New research from the US has also found the exact opposite of the claims of the ‘porn is harmful’ lobby. A recent study found that a 10 per cent increase in Net access yielded about a 7.3 percent decrease in reported rapes. “States that adopted the Internet quickly saw the biggest declines,” as Slate journalist Steven E. Landsburg puts it.

The less apparently controversial point is that as a society we need to do something about so-called rape porn.

Again, however, this appears to stem from an aesthetic sense of revulsion rather than from firm evidence.

As pro-sexual liberty campaigner Obscenity Lawyer’s blog has pointed out (HT Vice), many of those calling for a ban on depictions of sexual violence have been unable to show a link between sexual violence and porn (in-depth reviews by Malamuth et al in 2000 and Ferguson & Hartley in 2009 failed to find any meaningful link).

It hardly needs saying that rape is a hideous crime; but there is very little to suggest that people are unable to differentiate between what they see on a screen and reality.

Also, if there really is a case for banning pornographic depictions of rape, wouldn’t it also be necessary to remove depictions of rape from films and TV series? And why stop there? If all non-consensual sexual violence is wrong (which it is), then why should we allow anything that includes depictions of sexual domination, consensual or otherwise?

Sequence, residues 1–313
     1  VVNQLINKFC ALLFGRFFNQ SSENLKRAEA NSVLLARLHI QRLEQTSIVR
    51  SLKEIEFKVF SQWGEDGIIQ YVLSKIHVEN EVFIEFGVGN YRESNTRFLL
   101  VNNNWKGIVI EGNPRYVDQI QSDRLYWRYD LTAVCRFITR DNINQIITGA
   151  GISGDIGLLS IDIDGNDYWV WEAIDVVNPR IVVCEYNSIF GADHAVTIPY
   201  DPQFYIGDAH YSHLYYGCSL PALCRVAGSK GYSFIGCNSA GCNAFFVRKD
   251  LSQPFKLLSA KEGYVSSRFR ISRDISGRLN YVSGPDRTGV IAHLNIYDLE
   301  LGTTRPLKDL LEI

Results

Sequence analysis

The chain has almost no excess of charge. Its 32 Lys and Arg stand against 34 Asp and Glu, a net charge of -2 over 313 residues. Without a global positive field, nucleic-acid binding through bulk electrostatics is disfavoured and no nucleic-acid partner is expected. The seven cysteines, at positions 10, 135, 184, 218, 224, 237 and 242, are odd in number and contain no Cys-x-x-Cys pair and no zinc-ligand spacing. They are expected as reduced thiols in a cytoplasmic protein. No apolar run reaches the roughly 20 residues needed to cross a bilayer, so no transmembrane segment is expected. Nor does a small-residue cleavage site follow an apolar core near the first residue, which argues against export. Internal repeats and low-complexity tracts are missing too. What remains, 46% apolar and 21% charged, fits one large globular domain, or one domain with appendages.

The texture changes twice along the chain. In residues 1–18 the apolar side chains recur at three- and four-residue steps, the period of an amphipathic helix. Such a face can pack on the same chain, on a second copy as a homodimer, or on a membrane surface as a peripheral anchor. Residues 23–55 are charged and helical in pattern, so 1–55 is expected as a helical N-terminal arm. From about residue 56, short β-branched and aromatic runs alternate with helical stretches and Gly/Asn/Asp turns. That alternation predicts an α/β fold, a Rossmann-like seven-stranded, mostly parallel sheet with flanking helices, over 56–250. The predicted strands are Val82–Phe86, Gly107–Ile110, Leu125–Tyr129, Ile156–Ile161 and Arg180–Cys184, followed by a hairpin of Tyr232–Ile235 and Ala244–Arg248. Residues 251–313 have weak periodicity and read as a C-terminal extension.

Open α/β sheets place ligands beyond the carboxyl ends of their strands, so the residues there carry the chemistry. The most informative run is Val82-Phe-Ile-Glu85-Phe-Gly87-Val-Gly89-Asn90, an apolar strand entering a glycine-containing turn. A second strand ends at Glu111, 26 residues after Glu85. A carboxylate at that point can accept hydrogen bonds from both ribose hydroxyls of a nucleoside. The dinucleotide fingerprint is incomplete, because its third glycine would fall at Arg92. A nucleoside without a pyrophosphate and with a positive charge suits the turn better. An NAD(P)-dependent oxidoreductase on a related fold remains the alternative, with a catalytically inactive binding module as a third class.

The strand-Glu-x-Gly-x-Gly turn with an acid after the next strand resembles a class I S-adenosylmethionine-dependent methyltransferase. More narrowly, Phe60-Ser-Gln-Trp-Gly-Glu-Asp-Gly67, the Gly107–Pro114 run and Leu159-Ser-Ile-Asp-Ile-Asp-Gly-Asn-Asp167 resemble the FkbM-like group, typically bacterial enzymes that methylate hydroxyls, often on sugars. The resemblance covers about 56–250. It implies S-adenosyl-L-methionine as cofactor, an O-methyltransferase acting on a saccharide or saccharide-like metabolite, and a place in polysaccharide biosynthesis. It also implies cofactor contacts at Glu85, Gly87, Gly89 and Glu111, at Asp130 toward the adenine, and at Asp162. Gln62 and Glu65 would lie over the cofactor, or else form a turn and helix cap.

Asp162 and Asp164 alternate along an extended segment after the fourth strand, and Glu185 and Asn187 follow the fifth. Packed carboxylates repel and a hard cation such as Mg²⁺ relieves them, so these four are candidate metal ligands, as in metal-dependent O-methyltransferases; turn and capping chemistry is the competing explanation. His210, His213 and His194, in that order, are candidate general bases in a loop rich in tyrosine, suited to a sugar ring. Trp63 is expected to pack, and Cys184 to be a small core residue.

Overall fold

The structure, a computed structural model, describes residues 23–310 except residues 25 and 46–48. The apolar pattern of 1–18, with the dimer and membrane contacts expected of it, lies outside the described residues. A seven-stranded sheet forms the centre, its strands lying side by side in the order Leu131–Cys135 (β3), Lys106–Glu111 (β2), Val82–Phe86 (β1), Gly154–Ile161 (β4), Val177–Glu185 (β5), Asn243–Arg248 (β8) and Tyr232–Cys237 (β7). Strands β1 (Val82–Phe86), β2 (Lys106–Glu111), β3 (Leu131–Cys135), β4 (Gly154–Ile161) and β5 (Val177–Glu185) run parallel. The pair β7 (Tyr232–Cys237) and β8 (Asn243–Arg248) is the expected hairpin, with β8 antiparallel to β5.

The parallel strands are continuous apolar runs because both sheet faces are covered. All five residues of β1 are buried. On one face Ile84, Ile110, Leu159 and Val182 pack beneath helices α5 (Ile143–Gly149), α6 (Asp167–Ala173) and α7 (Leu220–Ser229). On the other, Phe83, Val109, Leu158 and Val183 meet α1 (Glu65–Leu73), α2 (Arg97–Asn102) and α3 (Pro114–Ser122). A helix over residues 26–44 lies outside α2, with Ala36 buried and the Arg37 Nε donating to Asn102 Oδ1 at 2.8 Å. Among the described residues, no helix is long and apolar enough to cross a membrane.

If the viewer is so unable to differentiate between an on-screen rape and a real one, why would it be any different in the case of other forms of sexual aggression?

Interestingly, the often-cited 2010 Sexualisation of Young People review adopts an openly conservative view of sexuality, blurring the line between objective research and opinion. For example, this is contained in the report’s section on pornography and sexual aggression:

“Researchers point to a number of negative consequences linked to the consumption of such material:
 
“‘Dispositional changes include diminished trust in intimate partners, the abandonment of hopes for sexual exclusivity with partners, evaluation of promiscuity as the natural state, and the apprehension that sexual inactivity constitutes a health risk. Cynical attitudes about love emerge, and superior sexual pleasures are thought attainable without affection toward partners. The institution of marriage is seen as sexually confining. Increasingly, having a family and raising children is considered an unattractive prospect.'”

Now I don’t know about you, but this sounds to me an awful lot more like subjective conservative moralising than objective research.

And herein lies the problem: many of those calling for government to put the lid back on the net’s increasing influence on our sex lives are doing so from a moral position rather than an evidence-based one.

With regard to children accessing internet pornography, if this really is significantly worse than the black market in dirty mags that used to exist at my school and the schools of most of my out-of-school friends, then an opt-in system of internet content regulation may be of some use.

But then again, a system already exists to help ensure children aren’t exposed to things they shouldn’t be: it’s called parenting.